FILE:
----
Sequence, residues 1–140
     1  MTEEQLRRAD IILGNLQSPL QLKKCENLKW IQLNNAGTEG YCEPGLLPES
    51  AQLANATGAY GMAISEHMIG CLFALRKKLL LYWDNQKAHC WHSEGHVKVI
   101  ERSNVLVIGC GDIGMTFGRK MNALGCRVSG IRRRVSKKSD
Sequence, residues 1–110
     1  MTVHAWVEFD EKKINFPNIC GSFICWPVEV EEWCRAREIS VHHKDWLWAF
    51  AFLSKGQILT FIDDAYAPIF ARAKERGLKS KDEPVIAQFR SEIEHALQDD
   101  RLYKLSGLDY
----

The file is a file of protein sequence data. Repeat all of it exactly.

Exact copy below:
Sequence, residues 1–140
     1  MTEEQLRRAD IILGNLQSPL QLKKCENLKW IQLNNAGTEG YCEPGLLPES
    51  AQLANATGAY GMAISEHMIG CLFALRKKLL LYWDNQKAHC WHSEGHVKVI
   101  ERSNVLVIGC GDIGMTFGRK MNALGCRVSG IRRRVSKKSD
Sequence, residues 1–110
     1  MTVHAWVEFD EKKINFPNIC GSFICWPVEV EEWCRAREIS VHHKDWLWAF
    51  AFLSKGQILT FIDDAYAPIF ARAKERGLKS KDEPVIAQFR SEIEHALQDD
   101  RLYKLSGLDY